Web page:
By Jacqueline Kovacs
When I was pregnant with my son, Riley, he would kick so hard in utero that it would wake me up at night. As a toddler, he quickly moved from those first tentative steps to running — often wriggling his little hand out of mine or his dad’s and trying to bolt off whenever he could. Once he learned to speak, he was just as busy — he always had lots to say about food he liked, stories he loved, friends he enjoyed playing with.
Fast-forward a decade or so and my once exhaustingly active boy has to be coaxed, cajoled and finally ordered out of bed on weekend afternoons. He comes home from high school and naps. He’s active on school teams, but doesn’t dash outside to ride his bike or play road hockey. And conversation? Ugh. Most of my questions are met with either grunts or “Fine,” “Yeah,” “Good” or other one-syllable answers.
What the heck happened to the little boy who used to fight with his sisters for his turn to sit and talk with me? The teen years happened, says Win Harwood, a parent education consultant based in Windsor, Ont. “Their brains are changing,” says Harwood. “There is very rapid development from the teen years through to about age 22, and it really affects them and their behaviour.” That sleep thing, for instance? “Their sleep patterns are totally disrupted,” confirms Harwood. “They sleep longer in the morning and stay up later. They’re just wired that way.”
That same wiring also leads them towards more risk-taking behaviour, Harwood warns. “It raises their levels of dopamine, a feel-good chemical in the brain,” she says. “Plus, their ability to assess risk is simply not there.”
That combination leads to bad decisions, such as street racing or substance abuse. Harwood points out that accidents are the No. 1 cause of death in teens; suicide is second. “They don’t understand the risks,” she says, “and they want to get along with their peers.”
But while peers are important, parents are still paramount, Harwood argues. “Parents really need to stay connected,” she says. “You need to build a healthy relationship.” Agreed, but how do you stay connected to someone who answers you in grunts and avoids daylight like a vampire? Turn off the spotlight. “If we want boys to talk, we need to do something with them,” says Harwood.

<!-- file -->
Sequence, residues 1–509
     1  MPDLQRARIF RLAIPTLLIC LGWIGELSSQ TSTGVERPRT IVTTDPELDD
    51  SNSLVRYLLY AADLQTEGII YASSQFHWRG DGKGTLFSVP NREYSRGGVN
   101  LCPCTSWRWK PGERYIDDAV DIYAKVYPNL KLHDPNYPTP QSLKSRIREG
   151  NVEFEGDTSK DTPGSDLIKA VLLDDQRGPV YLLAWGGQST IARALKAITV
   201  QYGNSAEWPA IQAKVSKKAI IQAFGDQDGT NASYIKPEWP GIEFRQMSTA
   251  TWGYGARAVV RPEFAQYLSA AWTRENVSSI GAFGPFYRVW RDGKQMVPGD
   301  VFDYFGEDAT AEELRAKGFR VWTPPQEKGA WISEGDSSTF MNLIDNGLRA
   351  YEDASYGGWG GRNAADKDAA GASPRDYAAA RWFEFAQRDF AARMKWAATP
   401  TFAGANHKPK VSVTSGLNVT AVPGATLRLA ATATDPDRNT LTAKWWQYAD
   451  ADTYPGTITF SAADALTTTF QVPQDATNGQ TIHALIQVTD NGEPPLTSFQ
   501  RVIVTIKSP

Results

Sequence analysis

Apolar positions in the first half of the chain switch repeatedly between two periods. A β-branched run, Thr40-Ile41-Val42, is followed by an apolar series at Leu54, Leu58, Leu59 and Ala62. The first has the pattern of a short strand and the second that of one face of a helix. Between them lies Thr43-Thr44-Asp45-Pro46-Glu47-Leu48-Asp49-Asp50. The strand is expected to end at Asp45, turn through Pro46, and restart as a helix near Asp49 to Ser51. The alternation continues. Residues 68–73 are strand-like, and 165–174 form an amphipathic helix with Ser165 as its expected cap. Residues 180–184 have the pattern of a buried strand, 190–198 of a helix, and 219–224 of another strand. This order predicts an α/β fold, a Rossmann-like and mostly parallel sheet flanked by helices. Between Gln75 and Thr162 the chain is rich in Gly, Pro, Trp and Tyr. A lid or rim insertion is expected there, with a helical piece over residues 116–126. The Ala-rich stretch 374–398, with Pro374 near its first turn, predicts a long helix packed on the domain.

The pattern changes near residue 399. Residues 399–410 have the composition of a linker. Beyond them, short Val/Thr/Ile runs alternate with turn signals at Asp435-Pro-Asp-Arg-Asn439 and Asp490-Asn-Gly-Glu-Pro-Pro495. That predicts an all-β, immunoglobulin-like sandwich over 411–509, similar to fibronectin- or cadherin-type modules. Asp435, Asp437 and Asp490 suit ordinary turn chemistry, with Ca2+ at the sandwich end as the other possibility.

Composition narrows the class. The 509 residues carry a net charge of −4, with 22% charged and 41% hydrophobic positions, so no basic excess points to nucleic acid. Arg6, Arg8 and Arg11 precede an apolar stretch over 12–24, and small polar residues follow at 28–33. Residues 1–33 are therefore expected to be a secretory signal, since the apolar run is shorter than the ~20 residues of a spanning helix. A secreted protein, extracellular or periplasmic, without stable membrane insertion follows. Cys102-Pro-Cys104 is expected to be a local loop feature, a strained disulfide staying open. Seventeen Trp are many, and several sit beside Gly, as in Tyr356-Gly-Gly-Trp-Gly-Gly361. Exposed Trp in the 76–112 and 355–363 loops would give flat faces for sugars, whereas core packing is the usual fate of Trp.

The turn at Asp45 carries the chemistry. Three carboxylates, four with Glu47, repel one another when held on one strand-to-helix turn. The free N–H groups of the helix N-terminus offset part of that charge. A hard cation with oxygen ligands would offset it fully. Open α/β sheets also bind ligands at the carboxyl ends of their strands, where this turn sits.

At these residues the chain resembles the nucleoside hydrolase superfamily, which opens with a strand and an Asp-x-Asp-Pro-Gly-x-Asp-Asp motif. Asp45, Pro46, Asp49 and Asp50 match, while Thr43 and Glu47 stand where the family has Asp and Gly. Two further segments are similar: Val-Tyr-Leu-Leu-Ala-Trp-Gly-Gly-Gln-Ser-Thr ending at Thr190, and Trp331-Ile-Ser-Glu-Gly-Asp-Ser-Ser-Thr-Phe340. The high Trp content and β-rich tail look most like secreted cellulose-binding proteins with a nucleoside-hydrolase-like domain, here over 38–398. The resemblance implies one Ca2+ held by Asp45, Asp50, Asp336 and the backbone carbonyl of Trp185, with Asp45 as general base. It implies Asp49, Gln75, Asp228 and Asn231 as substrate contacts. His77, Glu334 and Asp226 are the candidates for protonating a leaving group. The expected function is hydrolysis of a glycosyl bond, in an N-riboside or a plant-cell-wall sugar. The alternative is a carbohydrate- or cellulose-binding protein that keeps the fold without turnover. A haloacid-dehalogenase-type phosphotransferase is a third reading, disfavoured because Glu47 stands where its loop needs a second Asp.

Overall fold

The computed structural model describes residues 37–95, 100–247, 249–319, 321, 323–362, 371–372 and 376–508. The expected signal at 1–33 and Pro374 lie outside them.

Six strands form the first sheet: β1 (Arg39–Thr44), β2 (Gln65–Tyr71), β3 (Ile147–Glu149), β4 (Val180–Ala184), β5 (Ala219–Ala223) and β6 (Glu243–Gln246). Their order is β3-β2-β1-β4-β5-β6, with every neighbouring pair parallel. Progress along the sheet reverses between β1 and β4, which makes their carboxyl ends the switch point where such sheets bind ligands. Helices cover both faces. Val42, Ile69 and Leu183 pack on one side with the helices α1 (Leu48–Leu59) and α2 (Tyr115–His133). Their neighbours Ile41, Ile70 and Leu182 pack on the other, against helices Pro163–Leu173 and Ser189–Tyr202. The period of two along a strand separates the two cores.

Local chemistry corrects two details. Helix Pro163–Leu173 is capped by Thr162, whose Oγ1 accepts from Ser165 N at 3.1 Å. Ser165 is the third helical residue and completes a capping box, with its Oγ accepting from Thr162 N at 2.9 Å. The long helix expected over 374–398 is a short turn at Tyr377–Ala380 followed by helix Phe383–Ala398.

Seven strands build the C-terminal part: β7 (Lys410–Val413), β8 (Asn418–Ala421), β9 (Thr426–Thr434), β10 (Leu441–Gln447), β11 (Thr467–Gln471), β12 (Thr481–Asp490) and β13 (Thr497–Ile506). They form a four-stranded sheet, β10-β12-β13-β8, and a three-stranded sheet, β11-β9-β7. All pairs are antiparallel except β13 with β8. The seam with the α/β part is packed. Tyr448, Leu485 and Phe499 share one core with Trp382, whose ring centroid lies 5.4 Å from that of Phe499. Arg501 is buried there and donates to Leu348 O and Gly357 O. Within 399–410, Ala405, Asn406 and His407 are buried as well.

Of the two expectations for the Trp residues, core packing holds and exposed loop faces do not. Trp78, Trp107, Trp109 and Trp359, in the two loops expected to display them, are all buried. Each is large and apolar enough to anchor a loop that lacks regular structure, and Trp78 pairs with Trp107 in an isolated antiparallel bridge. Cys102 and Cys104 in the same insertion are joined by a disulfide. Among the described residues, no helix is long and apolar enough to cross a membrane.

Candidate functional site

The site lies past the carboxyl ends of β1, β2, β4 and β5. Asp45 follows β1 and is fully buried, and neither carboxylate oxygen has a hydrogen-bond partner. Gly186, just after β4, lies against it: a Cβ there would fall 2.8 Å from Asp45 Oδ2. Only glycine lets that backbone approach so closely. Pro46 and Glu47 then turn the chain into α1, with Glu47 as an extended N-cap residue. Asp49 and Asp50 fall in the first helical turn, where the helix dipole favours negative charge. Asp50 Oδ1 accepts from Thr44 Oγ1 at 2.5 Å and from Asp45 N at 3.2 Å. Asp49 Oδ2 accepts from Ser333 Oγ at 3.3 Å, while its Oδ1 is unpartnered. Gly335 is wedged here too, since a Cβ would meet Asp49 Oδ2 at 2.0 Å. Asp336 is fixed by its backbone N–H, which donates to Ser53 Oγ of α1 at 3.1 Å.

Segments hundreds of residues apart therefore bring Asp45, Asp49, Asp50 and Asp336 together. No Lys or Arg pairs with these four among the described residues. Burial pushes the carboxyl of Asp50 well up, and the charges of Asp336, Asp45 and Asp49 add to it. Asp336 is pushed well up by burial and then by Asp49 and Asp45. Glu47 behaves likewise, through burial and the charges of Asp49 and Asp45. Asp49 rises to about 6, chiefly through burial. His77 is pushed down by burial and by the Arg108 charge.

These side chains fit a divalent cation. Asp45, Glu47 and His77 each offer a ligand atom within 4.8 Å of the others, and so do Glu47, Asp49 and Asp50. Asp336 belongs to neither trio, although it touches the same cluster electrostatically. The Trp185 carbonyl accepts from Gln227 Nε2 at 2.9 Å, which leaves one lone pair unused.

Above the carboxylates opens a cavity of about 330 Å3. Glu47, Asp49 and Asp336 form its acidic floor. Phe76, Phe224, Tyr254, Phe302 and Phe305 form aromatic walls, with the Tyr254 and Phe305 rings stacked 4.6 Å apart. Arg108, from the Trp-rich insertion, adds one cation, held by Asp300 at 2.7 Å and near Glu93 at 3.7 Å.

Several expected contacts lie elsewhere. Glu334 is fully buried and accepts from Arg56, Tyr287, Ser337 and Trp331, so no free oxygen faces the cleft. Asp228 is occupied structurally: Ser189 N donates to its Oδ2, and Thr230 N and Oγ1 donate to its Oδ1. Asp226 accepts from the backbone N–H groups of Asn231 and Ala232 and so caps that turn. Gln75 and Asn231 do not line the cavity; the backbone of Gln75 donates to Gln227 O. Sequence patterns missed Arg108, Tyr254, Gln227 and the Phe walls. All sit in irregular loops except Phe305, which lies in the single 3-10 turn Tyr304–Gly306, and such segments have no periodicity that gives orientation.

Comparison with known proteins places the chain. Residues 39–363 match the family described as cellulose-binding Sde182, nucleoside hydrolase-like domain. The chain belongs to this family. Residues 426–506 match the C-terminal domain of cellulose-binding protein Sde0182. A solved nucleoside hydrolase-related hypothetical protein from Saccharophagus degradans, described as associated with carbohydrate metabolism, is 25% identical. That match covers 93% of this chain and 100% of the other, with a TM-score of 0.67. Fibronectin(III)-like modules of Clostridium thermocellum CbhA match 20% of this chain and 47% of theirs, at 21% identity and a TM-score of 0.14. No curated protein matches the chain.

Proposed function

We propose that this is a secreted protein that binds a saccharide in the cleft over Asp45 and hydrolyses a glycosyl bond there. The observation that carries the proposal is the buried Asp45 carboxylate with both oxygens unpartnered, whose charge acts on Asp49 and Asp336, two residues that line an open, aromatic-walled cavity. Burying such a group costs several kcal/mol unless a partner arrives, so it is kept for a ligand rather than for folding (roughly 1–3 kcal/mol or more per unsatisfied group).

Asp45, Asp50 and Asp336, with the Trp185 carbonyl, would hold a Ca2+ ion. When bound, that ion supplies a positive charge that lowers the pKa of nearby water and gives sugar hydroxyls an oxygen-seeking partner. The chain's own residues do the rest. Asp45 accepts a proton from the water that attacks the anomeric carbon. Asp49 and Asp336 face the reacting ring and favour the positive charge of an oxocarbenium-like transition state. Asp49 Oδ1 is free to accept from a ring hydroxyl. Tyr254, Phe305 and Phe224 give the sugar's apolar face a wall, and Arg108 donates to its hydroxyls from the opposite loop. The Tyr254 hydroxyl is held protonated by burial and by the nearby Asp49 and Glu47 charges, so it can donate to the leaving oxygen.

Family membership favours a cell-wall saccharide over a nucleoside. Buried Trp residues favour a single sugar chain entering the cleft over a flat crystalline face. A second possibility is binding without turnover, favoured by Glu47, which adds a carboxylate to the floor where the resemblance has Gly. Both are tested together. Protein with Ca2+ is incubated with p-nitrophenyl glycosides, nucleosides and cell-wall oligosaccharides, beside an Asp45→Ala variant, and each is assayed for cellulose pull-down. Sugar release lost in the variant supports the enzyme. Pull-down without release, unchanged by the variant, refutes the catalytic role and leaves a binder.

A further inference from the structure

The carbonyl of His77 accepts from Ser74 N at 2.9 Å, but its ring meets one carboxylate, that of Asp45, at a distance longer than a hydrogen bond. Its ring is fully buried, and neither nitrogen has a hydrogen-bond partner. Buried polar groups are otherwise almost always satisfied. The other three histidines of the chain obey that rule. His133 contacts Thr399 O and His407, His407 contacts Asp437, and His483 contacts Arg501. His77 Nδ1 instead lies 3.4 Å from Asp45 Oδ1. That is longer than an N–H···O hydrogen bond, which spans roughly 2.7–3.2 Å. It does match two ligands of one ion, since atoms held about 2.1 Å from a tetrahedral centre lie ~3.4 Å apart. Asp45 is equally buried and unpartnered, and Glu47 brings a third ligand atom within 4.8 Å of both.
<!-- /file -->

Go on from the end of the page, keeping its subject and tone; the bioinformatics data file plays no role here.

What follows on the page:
It’s true that my son tends to open up when we are driving somewhere and I’m not sitting in front of him, looking at him and asking questions. He opens up with his dad when they’re watching hockey together.
Conversation is easier, says Harwood, when they don’t feel like they’re being interrogated. Ironically, an activity that takes the focus off talking actually encourages conversation.
Want your kid to clam up? Just lose your temper.
Yes, it’s incredibly hard to keep your cool in the face of another broken curfew or over-usage of your phone plan, or their unbelievably messy rooms. But by keeping it together and speaking calmly about your expectations, you will get your message across and strengthen your relationship. “You’re looking to build a relationship based on dignity, respect and love,” she says.
Coach, don’t control:
“They don’t want to be controlled and will fight that,” says Harwood. “The old discipline model rewarding compliant behaviour and punishing noncompliant behaviour is as outdated as the typewriter.”
As our teens grow up, we have to give them more and more independence — as they merit it — and our role as parents shifts to a role of coaching them towards adulthood. Let them know the limits: Just because your son has a later curfew or now knows how to drive doesn’t mean he now has a free pass on household rules. Teens want and need limits, even if their behaviour suggests otherwise, says Harwood. “You still need to nurture them,” she says. “A teenage boy still has a small boy inside of them that needs affection and nurturing.”
Affection can be tricky when, on the surface, your teen boy seems to be pushing you away by staying holed up in his room or endlessly drawn to some video game. But it dawned on me one day that I hadn’t hugged my boy in a couple of days. When I went to hug him, he didn’t brush me off. In fact, he shared a story from his day and talked about his next track-and-field meet. Later in the day, while my husband and I were watching the news, Riley came to sit with me, eventually putting his head in my lap — an old ritual we had from when he was littler and wanted me to massage his head. So I did. My husband and I exchanged “awww!” looks but said nothing.
“Connection trumps everything,” says Harwood. “We have to initiate contact and spend individual time with our teen boys.” I couldn’t agree more.
To read more of INBETWEEN, click here.